While making a phone call to a number on a recruitment ad for the KKK, Ron manages to get into a conversation with a member Walter Breachway (Ryan Eggold), who seems to think Ron is White and invites him to come over. Here’s where Flip has to double for Ron and play the role of a lifetime. Although he’s Jewish by birth but doesn’t practice its faith, Flip is all ready to do his job without any emotion. He’s not at all affected by the racial slurs he will have to endure. In his first meeting with the Klan, he fits in quite well with the guys, including getting by one member (Jasper Pääkkönen) who thinks he’s too good to be true to their cause. Things get really heavy when Ron actually gets the Grand Wizard himself David Duke (Topher Grace) on the phone. Duke seems to be in high regard of Ron and plans to come to Colorado for his induction ceremony.
Between Ron talking to David on the phone like they are longtime pen pals and Flip acting the part beautifully, how long can they both keep up the charade, especially when the bosses want updates on the Klan’s criminal activity to continue to sanction their operation and the KKK steadily planning their next big movement?
Considering last year’s Charlottesville racial incident, which Lee boldly injects into the film, BlacKkKlansman is coming out at the right time. This country is ever so going through a radical divide of sorts and the film shows what happened in the 70s isn’t that much different from what’s happening right now. Being that this is based on Ron’s non-fiction book, this is not an art-imitates-life scenario.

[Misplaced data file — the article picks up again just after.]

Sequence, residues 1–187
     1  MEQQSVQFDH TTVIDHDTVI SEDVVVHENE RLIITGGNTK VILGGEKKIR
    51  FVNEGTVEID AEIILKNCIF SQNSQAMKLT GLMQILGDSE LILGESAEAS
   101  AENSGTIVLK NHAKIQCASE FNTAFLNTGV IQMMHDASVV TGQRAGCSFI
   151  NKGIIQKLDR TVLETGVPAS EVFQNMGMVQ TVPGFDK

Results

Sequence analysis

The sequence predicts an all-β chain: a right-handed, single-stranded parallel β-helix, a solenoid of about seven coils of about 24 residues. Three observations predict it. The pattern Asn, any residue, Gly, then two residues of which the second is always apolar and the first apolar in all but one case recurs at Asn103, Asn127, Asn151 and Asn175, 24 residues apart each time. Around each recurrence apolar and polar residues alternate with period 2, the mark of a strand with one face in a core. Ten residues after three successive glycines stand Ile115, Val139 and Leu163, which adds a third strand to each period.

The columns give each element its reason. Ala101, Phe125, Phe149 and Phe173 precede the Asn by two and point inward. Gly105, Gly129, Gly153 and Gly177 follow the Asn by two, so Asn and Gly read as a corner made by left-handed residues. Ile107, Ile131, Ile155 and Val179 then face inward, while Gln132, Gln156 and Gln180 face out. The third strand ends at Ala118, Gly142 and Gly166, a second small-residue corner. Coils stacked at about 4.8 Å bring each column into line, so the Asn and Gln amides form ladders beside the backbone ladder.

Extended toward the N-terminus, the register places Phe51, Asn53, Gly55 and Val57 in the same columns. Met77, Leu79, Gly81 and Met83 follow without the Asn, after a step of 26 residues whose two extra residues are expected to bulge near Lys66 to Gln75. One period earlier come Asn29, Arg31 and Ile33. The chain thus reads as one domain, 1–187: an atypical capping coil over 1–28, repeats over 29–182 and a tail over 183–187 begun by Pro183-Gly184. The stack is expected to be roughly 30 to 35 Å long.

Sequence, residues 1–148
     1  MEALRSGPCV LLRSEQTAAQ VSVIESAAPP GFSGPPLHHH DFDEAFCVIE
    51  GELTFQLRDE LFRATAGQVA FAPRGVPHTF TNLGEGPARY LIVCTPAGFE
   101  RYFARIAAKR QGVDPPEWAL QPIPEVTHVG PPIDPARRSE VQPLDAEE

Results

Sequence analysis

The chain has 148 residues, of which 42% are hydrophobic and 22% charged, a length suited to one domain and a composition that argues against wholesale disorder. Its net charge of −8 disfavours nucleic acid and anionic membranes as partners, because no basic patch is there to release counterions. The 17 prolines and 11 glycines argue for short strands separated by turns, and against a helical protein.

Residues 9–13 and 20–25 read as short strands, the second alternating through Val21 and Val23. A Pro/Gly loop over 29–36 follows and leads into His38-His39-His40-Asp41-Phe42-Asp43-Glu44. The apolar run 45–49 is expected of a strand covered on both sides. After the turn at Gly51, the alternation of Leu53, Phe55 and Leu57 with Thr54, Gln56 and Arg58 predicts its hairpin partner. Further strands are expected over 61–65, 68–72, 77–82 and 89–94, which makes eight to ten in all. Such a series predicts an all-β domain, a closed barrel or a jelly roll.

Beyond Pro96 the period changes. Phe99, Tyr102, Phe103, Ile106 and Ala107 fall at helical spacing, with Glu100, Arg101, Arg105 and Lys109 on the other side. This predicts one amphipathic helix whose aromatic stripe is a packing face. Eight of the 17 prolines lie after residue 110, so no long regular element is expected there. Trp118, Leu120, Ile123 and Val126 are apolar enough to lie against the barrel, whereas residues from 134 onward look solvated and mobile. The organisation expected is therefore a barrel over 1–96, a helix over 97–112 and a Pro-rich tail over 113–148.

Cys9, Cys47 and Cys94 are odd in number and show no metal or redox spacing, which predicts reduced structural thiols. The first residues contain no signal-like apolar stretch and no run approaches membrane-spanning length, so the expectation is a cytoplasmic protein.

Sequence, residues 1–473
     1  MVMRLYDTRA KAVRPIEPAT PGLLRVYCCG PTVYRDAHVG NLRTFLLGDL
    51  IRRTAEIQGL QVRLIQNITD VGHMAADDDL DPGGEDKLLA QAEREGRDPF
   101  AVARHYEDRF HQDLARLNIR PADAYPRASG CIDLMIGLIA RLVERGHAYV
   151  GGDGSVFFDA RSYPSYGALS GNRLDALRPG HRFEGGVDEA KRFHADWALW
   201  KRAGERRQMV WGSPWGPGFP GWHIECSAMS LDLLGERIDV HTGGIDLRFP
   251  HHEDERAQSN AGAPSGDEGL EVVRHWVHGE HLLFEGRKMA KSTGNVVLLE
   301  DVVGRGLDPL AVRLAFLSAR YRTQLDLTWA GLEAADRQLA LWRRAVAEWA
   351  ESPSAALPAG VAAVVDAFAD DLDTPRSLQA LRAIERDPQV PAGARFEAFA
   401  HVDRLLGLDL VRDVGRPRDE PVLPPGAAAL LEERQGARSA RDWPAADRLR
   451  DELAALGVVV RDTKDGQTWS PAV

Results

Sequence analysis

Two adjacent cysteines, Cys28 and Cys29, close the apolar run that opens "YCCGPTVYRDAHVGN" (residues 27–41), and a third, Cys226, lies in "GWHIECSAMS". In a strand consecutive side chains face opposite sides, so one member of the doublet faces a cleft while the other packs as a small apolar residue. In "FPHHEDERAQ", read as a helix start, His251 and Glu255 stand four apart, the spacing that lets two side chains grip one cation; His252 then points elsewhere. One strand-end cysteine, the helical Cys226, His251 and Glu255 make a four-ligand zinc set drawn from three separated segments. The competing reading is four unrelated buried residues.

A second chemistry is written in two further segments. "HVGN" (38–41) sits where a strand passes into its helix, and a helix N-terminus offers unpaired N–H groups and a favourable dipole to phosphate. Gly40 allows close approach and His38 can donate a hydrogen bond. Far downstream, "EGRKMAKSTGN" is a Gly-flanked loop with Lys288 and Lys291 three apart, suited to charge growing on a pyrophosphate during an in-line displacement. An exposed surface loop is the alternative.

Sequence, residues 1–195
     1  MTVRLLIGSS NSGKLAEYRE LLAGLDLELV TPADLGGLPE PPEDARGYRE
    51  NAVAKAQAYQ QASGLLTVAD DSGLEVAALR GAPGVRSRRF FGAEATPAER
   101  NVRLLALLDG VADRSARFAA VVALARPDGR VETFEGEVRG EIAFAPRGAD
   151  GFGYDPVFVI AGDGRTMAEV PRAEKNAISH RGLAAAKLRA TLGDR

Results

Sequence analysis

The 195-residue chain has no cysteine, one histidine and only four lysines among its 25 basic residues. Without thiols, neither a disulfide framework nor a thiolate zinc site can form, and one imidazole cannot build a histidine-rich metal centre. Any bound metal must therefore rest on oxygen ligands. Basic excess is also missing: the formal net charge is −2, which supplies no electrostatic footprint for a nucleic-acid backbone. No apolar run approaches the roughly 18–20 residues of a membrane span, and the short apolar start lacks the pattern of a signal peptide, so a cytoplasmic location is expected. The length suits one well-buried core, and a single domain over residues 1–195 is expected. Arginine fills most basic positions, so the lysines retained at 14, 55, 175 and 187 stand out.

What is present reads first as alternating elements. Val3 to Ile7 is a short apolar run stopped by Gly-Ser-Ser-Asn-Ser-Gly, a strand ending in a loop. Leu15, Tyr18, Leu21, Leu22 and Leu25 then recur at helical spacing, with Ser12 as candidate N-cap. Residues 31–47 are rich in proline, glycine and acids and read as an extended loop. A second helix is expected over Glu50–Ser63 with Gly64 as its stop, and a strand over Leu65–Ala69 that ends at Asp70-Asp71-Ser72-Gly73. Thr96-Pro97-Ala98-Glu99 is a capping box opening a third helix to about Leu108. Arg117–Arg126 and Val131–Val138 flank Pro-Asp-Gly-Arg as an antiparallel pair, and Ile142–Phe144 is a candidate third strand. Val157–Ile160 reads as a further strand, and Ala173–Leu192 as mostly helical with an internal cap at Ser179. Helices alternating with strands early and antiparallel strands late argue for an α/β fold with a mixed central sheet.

Washington and Driver are the heart and soul of the film and equally deserve recognition. Ron is the match that sets things in motion, while Flip is the fire that keeps the game their playing going. In his first big lead role, Washington is a force to reckon with. He’s funny when he needs to be and heavy and serious when the situation calls for it.
The problems Spike Lee has had in some of his past films was that some scenes went longer than they should and that unhinged the balance of his film structure. These are the “preachy” moments such as the church sermon scene in Red Hook Summer or the General King Kong scene in Chi-Raq. Although it’s a great to see the legendary Harry Belafonte playing an elderly survivor from the 1930s telling a story, his scene needs some trimming. With four writers (Lee, Charlie Wachtel, David Rabinowitz and Kevin Willmott) adapting Ron Stallworth’s book, credit goes to the editor for coherently stringing the dramatic elements along with the comedic moments that came from the performances of Paul Walter Hauser, Ashlie Atkinson, Alec Baldwin and Isiah Whitlock Jr., who brings in his famous catch phrase “Sheeeeeeeee-it.” Besides Washington and Driver, the film is laced with a cast of fresh faces (Harrier, Eggold, Atkinson, Pääkkönen) that are involving and central to the story.
In the end, with the help of producers, writers and actors, Spike Lee was the Spike Lee of old and delivered a film that ranks right up there with his films of yesteryear. As the phrase goes, “everything old is new again” and hopefully the next Spike Lee Joint film is as good as this one.